It´s no surprise that tensions have flared. The mass fare dodging in the Metro on October 18th was the first in a wave of protests, a plurinational uprising against the system. President Piñera declared “Chile is at war, with a powerful and implacable enemy.”, and used this statement to justify a state of emergency (Friday 18th) and curfew (Saturday 19th), ordering the army onto the street. As if resolving this conflict was just a question of employing the same repressive methods used for two decades against the Mapuche people in the south of Chile. Since then the protesters have continued to confront the military and the police in an unprecedented level of civil disobedience, showing a complete absence of fear before the authorities.

The Mapuche flag is widely displayed at the current protests along with its Chilean counterpart. The Wenu Foye (Mapuche flag) has come to represent the defiant spirit of the deep Chile. The “Indian” Chile, a symbol of identity and the struggle of an indigenous people against the Chilean state and the neoliberal system. Today that deep Chile identifies with that pre-Colonial culture, reviving the memory of the indomitable Mapuche people.

On October 20th, Santiago saw the most dramatic 36 hours of violence since the return to democracy; consequently, today on October 25th, more than a million and a half people have flooded the streets of Santiago. Along the length and breadth of the country, more than two million protestors occupy the streets, creating the largest protest in Chilean history. According to polls, 85.5% of Chileans support the recent protests and 55.3% admit to having participated in them. Thousands of Chileans across the globe are joining the protest by holding demonstrations wherever they currently reside.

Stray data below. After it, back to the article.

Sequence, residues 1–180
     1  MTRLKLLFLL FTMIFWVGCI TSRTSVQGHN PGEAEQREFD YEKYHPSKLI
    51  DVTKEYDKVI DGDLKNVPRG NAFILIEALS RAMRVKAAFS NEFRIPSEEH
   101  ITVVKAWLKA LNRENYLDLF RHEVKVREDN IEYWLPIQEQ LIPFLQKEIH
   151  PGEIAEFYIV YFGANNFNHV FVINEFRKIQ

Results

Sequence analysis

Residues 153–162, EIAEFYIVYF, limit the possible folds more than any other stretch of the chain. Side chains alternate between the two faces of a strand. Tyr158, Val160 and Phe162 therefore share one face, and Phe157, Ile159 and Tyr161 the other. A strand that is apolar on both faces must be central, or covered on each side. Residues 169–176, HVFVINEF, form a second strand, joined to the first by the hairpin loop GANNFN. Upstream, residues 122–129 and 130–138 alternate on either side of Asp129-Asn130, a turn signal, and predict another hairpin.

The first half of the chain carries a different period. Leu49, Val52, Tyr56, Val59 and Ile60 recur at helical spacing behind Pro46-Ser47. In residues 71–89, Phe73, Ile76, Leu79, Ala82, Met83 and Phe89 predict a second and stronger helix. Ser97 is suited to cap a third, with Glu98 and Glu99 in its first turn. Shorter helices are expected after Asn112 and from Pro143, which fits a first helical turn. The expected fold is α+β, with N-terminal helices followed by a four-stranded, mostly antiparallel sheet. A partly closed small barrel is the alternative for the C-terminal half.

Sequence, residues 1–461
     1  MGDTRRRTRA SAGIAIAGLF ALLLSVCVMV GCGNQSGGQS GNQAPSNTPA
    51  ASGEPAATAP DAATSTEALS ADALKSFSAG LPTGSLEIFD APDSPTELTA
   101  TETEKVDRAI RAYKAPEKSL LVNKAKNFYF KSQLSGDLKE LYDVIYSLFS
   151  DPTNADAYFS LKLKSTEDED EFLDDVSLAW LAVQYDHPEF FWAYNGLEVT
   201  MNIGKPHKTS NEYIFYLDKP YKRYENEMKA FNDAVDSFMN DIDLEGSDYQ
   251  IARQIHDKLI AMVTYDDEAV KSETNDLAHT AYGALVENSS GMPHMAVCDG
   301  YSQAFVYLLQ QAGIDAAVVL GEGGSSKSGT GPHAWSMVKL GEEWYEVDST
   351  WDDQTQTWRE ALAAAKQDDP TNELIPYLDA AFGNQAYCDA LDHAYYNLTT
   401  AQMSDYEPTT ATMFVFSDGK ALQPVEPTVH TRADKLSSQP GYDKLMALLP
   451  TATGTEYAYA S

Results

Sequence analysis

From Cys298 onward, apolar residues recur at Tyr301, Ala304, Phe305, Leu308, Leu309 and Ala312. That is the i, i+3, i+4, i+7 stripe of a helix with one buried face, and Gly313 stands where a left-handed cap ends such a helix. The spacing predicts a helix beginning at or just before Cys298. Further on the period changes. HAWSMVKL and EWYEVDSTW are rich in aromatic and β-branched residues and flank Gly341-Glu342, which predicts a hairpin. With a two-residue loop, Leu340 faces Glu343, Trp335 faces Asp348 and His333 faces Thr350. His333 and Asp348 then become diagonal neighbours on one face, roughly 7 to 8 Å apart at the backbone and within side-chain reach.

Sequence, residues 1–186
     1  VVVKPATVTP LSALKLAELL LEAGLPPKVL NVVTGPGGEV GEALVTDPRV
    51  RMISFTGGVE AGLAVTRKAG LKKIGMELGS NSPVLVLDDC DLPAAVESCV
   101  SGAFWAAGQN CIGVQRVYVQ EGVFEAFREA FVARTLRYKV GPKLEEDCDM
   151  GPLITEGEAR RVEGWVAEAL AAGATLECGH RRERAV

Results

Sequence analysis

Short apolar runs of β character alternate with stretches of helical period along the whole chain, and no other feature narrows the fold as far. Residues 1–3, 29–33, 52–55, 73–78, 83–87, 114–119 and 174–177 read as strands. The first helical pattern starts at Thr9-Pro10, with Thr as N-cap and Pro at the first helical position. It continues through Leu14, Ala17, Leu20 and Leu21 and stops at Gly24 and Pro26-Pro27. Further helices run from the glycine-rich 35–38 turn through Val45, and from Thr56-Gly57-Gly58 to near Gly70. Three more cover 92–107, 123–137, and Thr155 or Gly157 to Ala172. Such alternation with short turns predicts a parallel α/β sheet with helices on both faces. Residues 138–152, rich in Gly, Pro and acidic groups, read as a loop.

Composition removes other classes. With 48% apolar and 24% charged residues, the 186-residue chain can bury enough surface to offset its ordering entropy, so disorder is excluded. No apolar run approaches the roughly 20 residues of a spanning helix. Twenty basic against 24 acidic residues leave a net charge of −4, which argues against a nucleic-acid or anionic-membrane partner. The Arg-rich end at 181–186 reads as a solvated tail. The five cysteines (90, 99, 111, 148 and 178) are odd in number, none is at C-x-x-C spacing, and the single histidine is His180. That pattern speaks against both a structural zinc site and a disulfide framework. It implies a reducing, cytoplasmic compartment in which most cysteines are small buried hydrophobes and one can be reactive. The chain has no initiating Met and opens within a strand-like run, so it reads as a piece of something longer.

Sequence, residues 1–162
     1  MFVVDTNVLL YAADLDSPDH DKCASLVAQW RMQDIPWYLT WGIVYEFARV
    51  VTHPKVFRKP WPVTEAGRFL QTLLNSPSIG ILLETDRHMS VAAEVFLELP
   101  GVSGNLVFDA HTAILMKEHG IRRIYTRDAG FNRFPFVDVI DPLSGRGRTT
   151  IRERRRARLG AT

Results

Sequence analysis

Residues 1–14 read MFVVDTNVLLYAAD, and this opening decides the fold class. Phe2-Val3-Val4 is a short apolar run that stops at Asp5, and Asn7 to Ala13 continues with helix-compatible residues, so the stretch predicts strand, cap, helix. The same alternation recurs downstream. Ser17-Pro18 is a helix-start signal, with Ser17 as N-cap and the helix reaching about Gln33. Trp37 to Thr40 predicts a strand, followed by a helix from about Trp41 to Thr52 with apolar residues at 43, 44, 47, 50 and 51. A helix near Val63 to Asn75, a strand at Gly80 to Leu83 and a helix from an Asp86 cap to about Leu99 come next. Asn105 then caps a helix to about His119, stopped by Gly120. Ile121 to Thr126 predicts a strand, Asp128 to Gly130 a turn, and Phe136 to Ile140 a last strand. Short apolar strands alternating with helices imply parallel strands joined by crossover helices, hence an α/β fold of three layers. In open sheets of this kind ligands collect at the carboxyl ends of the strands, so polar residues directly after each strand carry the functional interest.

After half a month of protests, there have been 23 recorded deaths and more than 2500 injured. To this date, the National Human Rights Institute of Chile records that there are currently 4464 protesters detained and 1659 wounded in hospitals with firearms injuries – of the injured 160 have serious eye injuries, having lost at least one eye from being shot with ball bearings; 64 have been tortured, of which 18 have experienced torture involving some sort of sexual element. These grave human rights violations committed against women, men, children and adolescents have prompted several foreign governments such as Canada, the United Kingdom, Australia, Switzerland, the US, among other, to warn their citizens of the risks of travelling to Chile.